Pixelmator is a paint, design and graphics application built specifically around core OS X technologies. It’s 64-bit and taps into Apple’s Core Image for GPU-based acceleration. By building upon the OS technology itself, the Pixelmator team has been able to develop an application that is well-integrated and can be sold at a far lower cost than would otherwise be the case. The application is new, streamlined and clearly fits into the same interface design aesthetic as Final Cut Pro X or DaVinci Resolve. Previous versions boasted a nice set of paint, effects, retouching and layer tools. Pixelmator 2.2 adds several new shape and vector tools, gradients, shape styles, color popovers and a new light leak effect. If you own FxFactory Pro filters, they also show up as image effects available to be used inside Pixelmator – a serendipitous byproduct of their common use of Core Image.

df_pxlmtr_2Pixelmator saves files in its own format, but it can open and export a range of standard graphics files, including JPEG, PNG, TIFF, PDF and layered Photoshop file formats. If your main interest is in software that lets you do sophisticated and artistic design and image manipulation, then Pixelmator more than fits the bill. The real question is whether it’s a viable substitute for Photoshop. That answer depends on how much of a Photoshop “power user” you are, plus how much compatibility you need to maintain with clients that supply Photoshop files to you. The most recent version of Adobe Photoshop Extended is a behemoth application in the best sense. It can do video, a certain level of 3D and it has an advanced system of layer styles and effects. Most of these cannot be done with Pixelmator, but then most casual users also never use such functions.df_pxlmtr_3

If the most you do is apply some basic layer styles to text or a logo, like adding a drop shadow, then you can get the same look in Pixelmator, but via a different route. Think of Pixelmator’s capabilities as a very modern version of Photoshop’s feature set around the time of Photoshop 4.0. There were no layer styles, but you could duplicate, darken and blur a layer to create a drop shadow. You’d approach it in a similar fashion with Pixelmator, but even better is the new ability to change text into a shape. Once you’ve done that, shape styles can be applied. This lets you fill text with color or gradients, stroke an outline and add shadows – all while still in a vector mode. The keyboard shortcut of command-shift-V switches you into the Vectormator mode. This changes the interface configuration to bring forward all of the vector-based shape, text and drawing tools. Effectively this gives you a mini-equivalent of Adobe Illustrator right inside of Pixelmator.

df_pxlmtr_4I tested compatibly in both directions between Pixelmator 2.2 and Photoshop CS6. It was actually much better than expected. Layers came across in both directions. Layer effects applied in Photoshop were there, but not with the right look, unless I merged the layer in Photoshop. For example, a drop shadow would be there, but an elaborate emboss treatment I applied was not read by Pixelemator. On the plus side, the vector font was brought in as separate clean layer. Pixelmator files with shape styles applied to text layers – that were exported as Photoshop files – opened more or less correctly in Photoshop. The bottom line is that there is a reasonable level of interchange between Photoshop and Pixelmator, as long as you merge or flatten any layers with layer effects.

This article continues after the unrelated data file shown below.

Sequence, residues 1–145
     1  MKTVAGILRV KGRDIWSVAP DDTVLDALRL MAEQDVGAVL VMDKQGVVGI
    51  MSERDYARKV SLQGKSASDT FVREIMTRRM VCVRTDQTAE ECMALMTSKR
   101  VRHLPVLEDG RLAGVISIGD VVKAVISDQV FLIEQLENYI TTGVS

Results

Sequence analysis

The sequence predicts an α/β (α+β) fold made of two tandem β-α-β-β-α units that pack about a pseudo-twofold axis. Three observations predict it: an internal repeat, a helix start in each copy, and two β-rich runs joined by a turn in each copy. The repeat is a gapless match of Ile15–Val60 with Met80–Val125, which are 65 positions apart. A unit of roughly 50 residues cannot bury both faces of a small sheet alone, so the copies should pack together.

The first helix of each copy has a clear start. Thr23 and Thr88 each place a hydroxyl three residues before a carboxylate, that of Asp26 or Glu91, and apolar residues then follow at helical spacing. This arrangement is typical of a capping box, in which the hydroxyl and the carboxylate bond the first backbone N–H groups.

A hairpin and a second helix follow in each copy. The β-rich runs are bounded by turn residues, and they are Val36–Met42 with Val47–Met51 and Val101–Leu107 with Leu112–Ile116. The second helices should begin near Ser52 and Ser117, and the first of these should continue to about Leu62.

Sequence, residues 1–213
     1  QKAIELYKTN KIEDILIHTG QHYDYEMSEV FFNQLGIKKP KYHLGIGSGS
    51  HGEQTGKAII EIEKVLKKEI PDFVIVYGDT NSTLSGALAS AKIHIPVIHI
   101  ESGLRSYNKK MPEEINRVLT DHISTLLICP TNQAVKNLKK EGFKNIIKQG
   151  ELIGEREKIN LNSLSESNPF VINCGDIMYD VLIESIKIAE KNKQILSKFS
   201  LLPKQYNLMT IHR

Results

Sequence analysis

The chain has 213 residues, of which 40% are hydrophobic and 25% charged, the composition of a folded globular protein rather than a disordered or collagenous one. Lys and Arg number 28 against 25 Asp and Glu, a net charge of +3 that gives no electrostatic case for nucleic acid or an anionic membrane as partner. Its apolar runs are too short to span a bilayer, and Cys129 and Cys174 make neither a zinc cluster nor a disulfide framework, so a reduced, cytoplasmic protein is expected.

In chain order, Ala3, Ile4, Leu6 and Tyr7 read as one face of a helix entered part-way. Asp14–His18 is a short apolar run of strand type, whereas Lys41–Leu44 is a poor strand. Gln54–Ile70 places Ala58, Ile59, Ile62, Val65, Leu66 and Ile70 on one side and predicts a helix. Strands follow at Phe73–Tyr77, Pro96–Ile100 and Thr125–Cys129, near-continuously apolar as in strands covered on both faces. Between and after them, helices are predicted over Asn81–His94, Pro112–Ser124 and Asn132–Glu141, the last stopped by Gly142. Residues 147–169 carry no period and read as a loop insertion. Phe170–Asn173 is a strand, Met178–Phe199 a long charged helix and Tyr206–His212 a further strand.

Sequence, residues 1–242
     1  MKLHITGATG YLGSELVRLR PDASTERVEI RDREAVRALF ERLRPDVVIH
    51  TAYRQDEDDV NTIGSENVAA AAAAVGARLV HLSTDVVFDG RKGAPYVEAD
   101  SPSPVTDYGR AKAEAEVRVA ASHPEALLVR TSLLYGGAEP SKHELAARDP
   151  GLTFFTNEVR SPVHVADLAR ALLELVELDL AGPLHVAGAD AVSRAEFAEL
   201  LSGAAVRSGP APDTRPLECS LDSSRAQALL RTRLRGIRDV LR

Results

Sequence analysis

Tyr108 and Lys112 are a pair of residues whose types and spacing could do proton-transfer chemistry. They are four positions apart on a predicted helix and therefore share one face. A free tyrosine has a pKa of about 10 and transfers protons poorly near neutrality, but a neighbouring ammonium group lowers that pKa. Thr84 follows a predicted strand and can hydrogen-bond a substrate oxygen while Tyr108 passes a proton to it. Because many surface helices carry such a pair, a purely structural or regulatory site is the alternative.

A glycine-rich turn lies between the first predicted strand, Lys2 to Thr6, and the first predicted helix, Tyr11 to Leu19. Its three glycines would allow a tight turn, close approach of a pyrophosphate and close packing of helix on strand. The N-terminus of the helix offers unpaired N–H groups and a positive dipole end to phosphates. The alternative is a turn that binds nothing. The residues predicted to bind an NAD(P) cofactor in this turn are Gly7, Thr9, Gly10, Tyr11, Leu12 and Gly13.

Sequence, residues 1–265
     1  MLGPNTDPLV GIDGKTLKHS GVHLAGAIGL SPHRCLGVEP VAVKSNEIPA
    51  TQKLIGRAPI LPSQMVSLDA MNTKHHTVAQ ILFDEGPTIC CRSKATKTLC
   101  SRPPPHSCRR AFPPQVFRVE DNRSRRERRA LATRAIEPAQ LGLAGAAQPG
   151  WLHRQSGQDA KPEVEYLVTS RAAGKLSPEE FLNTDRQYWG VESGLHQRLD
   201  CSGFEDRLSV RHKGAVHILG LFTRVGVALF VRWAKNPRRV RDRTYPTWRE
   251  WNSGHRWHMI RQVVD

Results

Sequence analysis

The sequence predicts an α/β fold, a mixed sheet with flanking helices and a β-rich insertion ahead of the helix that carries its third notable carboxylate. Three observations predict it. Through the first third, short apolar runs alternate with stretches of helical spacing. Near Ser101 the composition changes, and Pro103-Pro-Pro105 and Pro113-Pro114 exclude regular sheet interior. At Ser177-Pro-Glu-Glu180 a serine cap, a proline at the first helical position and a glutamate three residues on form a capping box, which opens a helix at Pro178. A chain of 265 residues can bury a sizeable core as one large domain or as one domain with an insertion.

Pixelmator is a fun application to use. The 2.2 version has some great features and delivers high-quality final results. Excluding DaVinci Resolve Lite (for free), Pixelmator has to be the best bang-for-the-buck of any content creation software.  Regardless of whether you use Photoshop a lot or not, Pixelmator is a good addition to the toolkit. The more you use it, the more you’ll find it your new go-to design application.

Originally written for Digital Video magazine

©2013 Oliver Peters

Thinking about the Tube

df_mp_1Desktop computers had been on a trajectory of faster performance based on Moore’s Law until they hit the wall just under the 4GHz mark. Then came a variety of ingenious technological workarounds, including hyper-threading, multiple processors (CPUs), multiple cores within a single processor and finally, offloading processing to one or more graphics display cards (GPUs). All of these solutions have benefitted content creation professionals running edit and graphics software. With all of that effort, no one seems to have taken the effort to re-imagine how the hardware should work, nor whether the hardware is really built for what software developers are doing. For example, few applications really make effective use of multiple CPUs in a computer.

Add to this the financial aspect, which points to the growth in laptops and tablets to the detriment of traditional desktop computer sales. Is there even a need for a desktop machine that caters to professional users? Into this uncertainty comes Apple with the new Mac Pro, which I’ve euphemistically called “the Tube” in my title. df_mp_6Apple is the king of re-imagining. After months and years of wondering whether Apple still cares about professional computer users, they blew away the audience at their annual Worldwide Developers Conference (WWDC) with an innovative new design for the next generation of Mac Pro desktop workstation. Like anything Apple does, a lot of legacy technology was dropped, which has drawn both praise and criticism. Those of us in the camp that predicted few or no slots and more use of Thunderbolt had largely guessed right. But the rest of this machine’s design is literally thinking “outside of the box”.df_mp_2